Plant vs. Animal Proteins

Animal versus plant proteins

In this article series I’m answering your most frequently asked questions about protein. I’ve been sharing information that may dispel some of the most common misconceptions about proteins. In the last post I explained and debunked the “quality of protein” myth and explained that the terminology nutrition scientists use can be very misleading. As I explained, higher quality, when it comes to proteins, does not equal better health. In this post we’re going to look at how this translates into animal based proteins versus plant based proteins and which protein source is actually superior – when it comes to our health.

To recap: animal based proteins have been classified as “higher quality” because they come as a more complete amino acid ‘package’. They closely resemble the amino acid profile that your body needs, and your body utilizes them very quickly. This is common knowledge and is hard to refute. But what I outlined in the last post is that we actually don’t want such a rapid assimilation of amino acids – efficiency, in this case, doesn’t equate to better health.

According to T. Colin Campbell, author of The China Study:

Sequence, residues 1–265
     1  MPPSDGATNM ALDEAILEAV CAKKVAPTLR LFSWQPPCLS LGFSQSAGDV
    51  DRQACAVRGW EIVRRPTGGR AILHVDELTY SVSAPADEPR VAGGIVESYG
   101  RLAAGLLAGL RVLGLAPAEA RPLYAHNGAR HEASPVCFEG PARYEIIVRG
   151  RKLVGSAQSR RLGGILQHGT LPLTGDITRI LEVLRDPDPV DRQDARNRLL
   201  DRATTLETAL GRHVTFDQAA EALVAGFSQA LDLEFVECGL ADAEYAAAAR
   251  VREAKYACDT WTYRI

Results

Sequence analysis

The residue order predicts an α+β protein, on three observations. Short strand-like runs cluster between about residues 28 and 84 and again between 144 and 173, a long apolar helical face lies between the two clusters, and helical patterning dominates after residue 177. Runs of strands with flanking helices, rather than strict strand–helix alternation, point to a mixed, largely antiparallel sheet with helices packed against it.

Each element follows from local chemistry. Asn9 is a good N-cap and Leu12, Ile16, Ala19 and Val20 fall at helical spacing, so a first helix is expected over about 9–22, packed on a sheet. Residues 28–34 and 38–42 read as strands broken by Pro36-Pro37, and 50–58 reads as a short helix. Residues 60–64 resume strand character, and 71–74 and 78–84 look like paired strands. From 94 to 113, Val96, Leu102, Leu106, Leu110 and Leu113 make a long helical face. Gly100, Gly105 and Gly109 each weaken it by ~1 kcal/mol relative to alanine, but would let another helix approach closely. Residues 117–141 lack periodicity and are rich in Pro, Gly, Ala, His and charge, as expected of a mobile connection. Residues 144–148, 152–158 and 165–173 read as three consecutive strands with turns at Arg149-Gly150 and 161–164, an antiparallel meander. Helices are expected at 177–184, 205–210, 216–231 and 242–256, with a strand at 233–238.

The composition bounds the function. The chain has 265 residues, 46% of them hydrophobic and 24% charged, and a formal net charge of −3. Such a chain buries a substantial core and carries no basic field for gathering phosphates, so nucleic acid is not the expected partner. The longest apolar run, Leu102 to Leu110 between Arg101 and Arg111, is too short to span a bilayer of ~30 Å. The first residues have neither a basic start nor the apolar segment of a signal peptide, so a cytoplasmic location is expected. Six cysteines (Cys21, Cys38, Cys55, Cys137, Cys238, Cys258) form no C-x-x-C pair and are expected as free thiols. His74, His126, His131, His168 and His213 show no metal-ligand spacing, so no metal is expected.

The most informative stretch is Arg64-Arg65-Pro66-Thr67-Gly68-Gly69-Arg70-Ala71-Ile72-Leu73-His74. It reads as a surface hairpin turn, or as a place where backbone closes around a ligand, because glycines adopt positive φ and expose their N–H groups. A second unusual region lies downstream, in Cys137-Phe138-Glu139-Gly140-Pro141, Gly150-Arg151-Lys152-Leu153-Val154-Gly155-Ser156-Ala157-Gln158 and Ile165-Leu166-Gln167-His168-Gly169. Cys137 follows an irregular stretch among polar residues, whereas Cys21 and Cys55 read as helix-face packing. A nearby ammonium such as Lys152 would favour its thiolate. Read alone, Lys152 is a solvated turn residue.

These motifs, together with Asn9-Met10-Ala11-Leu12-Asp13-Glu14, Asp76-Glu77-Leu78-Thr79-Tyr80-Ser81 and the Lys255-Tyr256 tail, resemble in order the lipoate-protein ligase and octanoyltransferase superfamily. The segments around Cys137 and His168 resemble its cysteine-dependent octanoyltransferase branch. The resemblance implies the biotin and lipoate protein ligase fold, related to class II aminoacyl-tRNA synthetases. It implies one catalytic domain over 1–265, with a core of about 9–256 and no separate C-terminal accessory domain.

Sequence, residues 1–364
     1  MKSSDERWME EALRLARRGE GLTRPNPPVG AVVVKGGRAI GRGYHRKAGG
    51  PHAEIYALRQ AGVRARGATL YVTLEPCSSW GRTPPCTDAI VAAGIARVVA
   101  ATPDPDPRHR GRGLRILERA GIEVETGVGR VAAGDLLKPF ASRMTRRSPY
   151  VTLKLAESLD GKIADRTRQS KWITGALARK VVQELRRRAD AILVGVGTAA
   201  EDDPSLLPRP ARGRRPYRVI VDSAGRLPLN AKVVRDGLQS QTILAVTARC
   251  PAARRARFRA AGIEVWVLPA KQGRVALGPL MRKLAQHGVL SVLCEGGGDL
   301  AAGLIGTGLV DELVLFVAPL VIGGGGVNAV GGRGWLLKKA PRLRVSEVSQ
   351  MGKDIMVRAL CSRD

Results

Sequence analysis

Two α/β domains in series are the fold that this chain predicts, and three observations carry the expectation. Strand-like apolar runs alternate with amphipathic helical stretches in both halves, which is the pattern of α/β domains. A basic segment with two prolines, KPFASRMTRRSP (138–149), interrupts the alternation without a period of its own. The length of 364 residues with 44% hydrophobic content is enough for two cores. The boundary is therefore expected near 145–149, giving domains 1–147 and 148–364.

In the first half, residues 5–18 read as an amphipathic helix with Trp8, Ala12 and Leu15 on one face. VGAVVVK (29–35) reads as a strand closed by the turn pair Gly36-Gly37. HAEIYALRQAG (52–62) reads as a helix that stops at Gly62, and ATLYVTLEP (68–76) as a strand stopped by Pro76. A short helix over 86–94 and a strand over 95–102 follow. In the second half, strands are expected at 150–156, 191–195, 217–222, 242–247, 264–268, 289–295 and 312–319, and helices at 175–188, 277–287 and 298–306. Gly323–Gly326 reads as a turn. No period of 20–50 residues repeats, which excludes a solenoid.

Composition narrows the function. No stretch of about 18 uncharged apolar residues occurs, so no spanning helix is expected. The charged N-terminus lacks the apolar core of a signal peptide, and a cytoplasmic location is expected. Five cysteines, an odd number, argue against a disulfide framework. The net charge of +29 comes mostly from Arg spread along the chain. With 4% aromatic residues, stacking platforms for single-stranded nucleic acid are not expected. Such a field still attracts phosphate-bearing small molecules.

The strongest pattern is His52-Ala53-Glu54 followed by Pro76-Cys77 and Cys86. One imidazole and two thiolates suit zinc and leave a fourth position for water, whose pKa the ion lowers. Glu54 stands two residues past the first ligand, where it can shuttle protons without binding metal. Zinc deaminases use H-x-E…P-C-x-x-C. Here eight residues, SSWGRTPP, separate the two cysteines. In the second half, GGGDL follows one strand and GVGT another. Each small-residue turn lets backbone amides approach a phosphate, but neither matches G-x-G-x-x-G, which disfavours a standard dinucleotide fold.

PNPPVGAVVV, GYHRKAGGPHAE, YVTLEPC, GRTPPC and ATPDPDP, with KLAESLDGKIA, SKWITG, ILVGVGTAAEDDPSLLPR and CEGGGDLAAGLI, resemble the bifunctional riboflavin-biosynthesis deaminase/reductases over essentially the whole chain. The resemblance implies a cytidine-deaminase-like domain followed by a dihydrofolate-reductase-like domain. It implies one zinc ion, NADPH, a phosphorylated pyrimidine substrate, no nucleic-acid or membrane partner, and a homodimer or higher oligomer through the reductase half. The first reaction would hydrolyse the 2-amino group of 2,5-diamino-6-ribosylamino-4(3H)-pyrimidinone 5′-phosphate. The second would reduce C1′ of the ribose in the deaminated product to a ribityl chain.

“There is a mountain of compelling research showing that:‘”low-quality” plant protein, which allows for slow but steady synthesis of new proteins, is the healthiest type of protein. Slow but steady wins the race.”[i]

Although the supposed ‘lower quality’ plant proteins may not come as such a ‘complete’ package in terms of matching our proteins, as a group, they do contain all of the proteins that we need to thrive. We ensure that we get all of them by eating a varied plant-based diet. Not only do we receive all the amino acids to keep us thriving, we also minimize the numerous health risks associated to eating meat.

We are seeing this myth slowly unravel before our eyes, but we have to be willing to at least be open to new information. Even such popular medical journal publications such as Lancet have reported this false discrepancy. Published in a Lancet editorial: